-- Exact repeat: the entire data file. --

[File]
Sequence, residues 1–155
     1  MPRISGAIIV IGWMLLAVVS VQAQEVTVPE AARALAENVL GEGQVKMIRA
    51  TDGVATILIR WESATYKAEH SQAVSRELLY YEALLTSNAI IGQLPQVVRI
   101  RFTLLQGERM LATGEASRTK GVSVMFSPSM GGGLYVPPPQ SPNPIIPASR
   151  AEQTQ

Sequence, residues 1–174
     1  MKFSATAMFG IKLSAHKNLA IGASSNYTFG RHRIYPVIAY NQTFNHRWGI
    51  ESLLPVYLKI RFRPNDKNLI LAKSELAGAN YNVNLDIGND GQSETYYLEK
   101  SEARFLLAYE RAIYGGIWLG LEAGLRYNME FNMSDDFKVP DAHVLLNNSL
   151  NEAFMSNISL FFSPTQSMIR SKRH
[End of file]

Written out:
Sequence, residues 1–155
     1  MPRISGAIIV IGWMLLAVVS VQAQEVTVPE AARALAENVL GEGQVKMIRA
    51  TDGVATILIR WESATYKAEH SQAVSRELLY YEALLTSNAI IGQLPQVVRI
   101  RFTLLQGERM LATGEASRTK GVSVMFSPSM GGGLYVPPPQ SPNPIIPASR
   151  AEQTQ

Sequence, residues 1–174
     1  MKFSATAMFG IKLSAHKNLA IGASSNYTFG RHRIYPVIAY NQTFNHRWGI
    51  ESLLPVYLKI RFRPNDKNLI LAKSELAGAN YNVNLDIGND GQSETYYLEK
   101  SEARFLLAYE RAIYGGIWLG LEAGLRYNME FNMSDDFKVP DAHVLLNNSL
   151  NEAFMSNISL FFSPTQSMIR SKRH